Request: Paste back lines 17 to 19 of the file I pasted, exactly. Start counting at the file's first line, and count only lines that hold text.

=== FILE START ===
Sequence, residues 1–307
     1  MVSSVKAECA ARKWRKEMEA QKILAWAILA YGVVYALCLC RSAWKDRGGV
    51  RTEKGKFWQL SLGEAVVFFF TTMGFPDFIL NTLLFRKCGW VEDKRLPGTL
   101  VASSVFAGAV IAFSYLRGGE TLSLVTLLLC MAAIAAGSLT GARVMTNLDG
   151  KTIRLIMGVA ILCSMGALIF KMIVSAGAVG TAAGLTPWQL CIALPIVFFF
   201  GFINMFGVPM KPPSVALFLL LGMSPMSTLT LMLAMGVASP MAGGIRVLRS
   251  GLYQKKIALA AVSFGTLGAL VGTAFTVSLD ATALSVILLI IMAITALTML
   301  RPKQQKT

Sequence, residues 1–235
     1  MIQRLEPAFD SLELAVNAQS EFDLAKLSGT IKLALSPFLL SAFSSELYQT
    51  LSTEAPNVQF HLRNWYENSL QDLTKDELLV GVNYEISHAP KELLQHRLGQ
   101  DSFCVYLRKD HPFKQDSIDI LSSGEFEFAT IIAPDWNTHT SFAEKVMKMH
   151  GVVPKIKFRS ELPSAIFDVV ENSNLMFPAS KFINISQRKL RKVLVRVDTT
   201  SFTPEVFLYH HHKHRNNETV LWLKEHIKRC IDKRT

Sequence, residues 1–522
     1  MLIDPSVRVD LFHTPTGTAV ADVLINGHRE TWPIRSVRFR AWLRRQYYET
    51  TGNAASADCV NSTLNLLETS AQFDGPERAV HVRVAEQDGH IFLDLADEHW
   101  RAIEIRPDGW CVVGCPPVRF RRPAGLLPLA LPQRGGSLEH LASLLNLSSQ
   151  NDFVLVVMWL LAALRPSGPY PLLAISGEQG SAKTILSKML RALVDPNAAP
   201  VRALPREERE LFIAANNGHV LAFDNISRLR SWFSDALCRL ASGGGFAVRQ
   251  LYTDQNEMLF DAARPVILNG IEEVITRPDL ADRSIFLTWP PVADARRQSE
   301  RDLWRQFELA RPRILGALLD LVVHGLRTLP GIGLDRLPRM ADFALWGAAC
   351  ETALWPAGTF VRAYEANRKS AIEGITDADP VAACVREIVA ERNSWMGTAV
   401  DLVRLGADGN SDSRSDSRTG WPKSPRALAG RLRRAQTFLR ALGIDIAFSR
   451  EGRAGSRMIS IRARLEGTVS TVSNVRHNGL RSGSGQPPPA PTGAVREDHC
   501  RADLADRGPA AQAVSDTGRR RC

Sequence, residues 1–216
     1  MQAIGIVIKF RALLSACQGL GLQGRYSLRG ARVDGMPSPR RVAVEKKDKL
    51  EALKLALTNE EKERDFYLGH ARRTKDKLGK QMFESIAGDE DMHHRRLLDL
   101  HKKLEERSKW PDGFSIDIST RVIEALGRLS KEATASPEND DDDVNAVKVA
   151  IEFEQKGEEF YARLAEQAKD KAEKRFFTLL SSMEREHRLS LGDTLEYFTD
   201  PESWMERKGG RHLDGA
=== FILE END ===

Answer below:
    51  TGNAASADCV NSTLNLLETS AQFDGPERAV HVRVAEQDGH IFLDLADEHW
   101  RAIEIRPDGW CVVGCPPVRF RRPAGLLPLA LPQRGGSLEH LASLLNLSSQ
   151  NDFVLVVMWL LAALRPSGPY PLLAISGEQG SAKTILSKML RALVDPNAAP